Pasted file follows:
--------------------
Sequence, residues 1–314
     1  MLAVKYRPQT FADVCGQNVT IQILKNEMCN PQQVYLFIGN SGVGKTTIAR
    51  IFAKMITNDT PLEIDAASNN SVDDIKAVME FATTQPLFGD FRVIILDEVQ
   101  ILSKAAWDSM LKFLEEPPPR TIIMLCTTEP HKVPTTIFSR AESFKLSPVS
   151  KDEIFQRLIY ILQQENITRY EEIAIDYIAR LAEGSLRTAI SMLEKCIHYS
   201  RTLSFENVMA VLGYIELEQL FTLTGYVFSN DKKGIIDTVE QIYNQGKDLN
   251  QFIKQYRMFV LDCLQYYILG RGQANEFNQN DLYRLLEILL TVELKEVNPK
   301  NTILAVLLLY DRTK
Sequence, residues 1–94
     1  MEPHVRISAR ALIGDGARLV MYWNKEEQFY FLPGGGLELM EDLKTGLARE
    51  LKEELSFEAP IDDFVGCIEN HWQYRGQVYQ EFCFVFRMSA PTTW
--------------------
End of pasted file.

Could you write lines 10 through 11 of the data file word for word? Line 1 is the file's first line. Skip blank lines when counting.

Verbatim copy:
     1  MEPHVRISAR ALIGDGARLV MYWNKEEQFY FLPGGGLELM EDLKTGLARE
    51  LKEELSFEAP IDDFVGCIEN HWQYRGQVYQ EFCFVFRMSA PTTW